In honor of Zola's birthday, I was happy to sign up for a Zola reading event hoted by Delaisse and Fanda. I had six novels by Zola on the TBR shelves, and I settled on The Masterpiece because I'm fascinated by Impressionist painters. (And because it's fairly short, less than 400 pages.) Though it's not my favorite Zola so far, it was definitely interesting, though tragic. The Masterpiece is the fourteenth book in Zola's Rougon-Macquart cycle, and it's the story of Claude Lantier, an Impressionist artist living in Paris and his obsession with creating a masterpiece. Claude's obsession becomes his downfall. The character of Claude is based on the Impressionist Paul Cezanne, Zola's childhood friend.
|Not actually a painting by Cezanne -- this cover is a detail of a portrait of the artist Bazille, by Auguste Renoir.
In the morning, he peeks at the sleeping woman, Christine, and is so inspired by her beauty that he begins to sketch her. After she awakes, she flees the apartment, but returns weeks later to thank him. They begin a friendship that eventually blossoms into something more.
Meanwhile, Claude is hard at work on his paintings, and he and his artist colleagues are desperately trying to get their work accepted at the official Paris Salon. Claude and his friends are "Open Air" artists, also known as Impressionists, so their work is too radical and daring. Claude's major work at this time is based on Edouard Manet's most famous work, Le dejuener sur l'herbe:
This being a Zola novel, Claude is another train wreck (he's the son of Gervaise Lantier of L'Assommoir and brother of Jacques Lantier of La Bete Humaine, so he's from an entire family of train wrecks! Nobody writes fascinating train wrecks like Zola). Christine becomes Claude's lover, and things go pretty well for awhile, but eventually Claude becomes obsessed with creating a masterwork, and his life turns into a downward spiral; naturally, tragedy ensues. Along the way Zola takes some serious jabs at the artistic temperament and obsession, and about the politics of the Paris art scene. (Zola himself is represented by Claude's childhood friend Pierre Sandoz, a writer.)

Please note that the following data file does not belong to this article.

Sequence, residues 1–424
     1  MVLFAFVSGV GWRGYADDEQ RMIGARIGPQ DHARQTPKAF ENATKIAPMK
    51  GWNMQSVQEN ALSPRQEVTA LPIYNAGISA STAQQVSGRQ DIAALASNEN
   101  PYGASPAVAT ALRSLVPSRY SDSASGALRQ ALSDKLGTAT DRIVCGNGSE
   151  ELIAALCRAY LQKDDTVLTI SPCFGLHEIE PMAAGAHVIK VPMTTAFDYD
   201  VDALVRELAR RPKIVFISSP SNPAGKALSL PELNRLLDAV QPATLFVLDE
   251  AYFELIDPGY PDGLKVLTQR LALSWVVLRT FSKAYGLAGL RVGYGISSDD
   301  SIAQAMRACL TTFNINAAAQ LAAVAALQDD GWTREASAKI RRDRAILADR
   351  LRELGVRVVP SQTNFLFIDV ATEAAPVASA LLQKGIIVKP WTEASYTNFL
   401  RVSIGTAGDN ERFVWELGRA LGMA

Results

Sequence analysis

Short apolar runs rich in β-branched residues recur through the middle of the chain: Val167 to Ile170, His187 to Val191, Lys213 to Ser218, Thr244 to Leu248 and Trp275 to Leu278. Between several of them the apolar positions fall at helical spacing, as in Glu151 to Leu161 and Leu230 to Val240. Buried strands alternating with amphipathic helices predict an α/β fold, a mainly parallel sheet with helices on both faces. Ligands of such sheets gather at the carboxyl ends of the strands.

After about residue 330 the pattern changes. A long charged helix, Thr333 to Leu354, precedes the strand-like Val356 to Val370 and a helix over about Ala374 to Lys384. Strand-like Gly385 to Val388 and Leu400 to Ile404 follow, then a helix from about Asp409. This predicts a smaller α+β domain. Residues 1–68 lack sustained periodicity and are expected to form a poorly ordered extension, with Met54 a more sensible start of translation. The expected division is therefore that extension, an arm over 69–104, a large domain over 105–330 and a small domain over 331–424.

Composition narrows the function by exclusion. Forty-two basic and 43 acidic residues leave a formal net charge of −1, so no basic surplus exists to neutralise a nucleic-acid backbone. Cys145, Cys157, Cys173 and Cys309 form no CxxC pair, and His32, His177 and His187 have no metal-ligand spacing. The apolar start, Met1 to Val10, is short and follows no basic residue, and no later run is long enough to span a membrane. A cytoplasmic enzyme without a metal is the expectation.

This is Zola's most autobiographical work, and even though the book is ostensibly about artists, I couldn't help wondering if any of Zola's own experiences as a writer were expressed as Claude's obsession, with a lot of insight as to the constant stress of artists and their overwhelming need to create better and better works. Here, Claude's friend Bongrand, a fellow artists, tells Claude how hard it is even after an artist is successful:
That's when the torture begins; you've drunk your excitement to the dregs and found it all too short and even rather bitter, and you wonder whether it was really worth the struggle. From that point there is no more unknown to explore, no new sensations to experience. Pride has had its brief moment of celebrity; you know that your best has been given and you're surprised it hasn't brought a keener sense of satisfaction. From that moment the horizon starts to empty of all the hopes that once attracted you towards it. There's nothing to look forward to but death.
After The Masterpiece was published, Cezanne never forgave Zola and refused to speak to him ever again, so it must have hit pretty close to home. I liked this book, though not as much as some of the other Rougon-Macquart novels I've read. I found the plot to be a little on the slow side. Zola's characters tend to be fairly awful people, but the stories themselves are so compelling I can hardly put them down -- I zoomed through Germinal and La Bete Humaine in a just a couple of days each. This one took longer. I did like some of the characters, especially Sandoz, and the story was interesting, but somehow it didn't hook me the same as some of his other novels. However, I'm still going to keep going with Zola. Eventually, I hope to read the entire series, though I doubt I'll ever read them in order. And some of them are still only available in the Vizetelly translations which are terribly bowdlerized. I'm toying with the idea of taking up French so that I can read them in the original, though that's probably a drastic solution.
Has anyone else read The Masterpiece? What did you think? Any other favorites by Zola? I'd like to read another before the end of April, and I'm thinking of The Ladies' Paradise. Thoughts?